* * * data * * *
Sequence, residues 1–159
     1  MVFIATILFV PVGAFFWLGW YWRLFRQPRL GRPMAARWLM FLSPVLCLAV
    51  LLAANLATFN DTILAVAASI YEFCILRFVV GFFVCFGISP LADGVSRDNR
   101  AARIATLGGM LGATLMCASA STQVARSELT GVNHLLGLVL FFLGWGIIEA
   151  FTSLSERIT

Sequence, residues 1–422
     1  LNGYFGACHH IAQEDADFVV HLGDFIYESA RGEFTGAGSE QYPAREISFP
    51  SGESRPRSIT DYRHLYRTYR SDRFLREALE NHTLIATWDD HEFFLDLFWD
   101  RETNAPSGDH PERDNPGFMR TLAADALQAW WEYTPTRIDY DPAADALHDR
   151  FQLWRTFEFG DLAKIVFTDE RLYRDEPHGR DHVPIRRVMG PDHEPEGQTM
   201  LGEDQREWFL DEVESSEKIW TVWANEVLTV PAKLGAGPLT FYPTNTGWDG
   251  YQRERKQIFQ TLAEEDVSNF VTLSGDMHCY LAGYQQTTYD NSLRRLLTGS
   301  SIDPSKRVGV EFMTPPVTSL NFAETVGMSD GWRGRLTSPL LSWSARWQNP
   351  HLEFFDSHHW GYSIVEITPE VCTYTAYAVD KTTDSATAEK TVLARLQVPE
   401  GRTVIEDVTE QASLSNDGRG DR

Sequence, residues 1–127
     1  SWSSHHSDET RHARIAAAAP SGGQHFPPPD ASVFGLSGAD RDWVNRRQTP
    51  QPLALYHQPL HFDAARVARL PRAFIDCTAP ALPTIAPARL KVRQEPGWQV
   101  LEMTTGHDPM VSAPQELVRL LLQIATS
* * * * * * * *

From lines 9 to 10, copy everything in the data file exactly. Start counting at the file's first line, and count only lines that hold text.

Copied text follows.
   101  RETNAPSGDH PERDNPGFMR TLAADALQAW WEYTPTRIDY DPAADALHDR
   151  FQLWRTFEFG DLAKIVFTDE RLYRDEPHGR DHVPIRRVMG PDHEPEGQTM